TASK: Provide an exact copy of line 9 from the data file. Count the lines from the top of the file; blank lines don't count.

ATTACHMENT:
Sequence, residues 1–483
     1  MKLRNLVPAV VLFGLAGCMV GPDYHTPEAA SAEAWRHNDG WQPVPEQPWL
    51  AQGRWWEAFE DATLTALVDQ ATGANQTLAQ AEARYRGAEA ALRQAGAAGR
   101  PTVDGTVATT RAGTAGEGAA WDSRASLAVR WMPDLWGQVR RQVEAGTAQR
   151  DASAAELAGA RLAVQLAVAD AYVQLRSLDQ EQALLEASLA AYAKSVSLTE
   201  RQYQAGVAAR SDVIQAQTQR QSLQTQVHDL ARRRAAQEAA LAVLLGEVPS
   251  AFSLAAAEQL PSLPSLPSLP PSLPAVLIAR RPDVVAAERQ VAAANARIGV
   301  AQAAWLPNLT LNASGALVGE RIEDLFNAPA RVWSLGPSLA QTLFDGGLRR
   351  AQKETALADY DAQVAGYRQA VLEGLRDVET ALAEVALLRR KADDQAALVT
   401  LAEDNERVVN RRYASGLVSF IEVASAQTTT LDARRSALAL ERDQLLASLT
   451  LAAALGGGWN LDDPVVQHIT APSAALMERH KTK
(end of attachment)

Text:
   351  AQKETALADY DAQVAGYRQA VLEGLRDVET ALAEVALLRR KADDQAALVT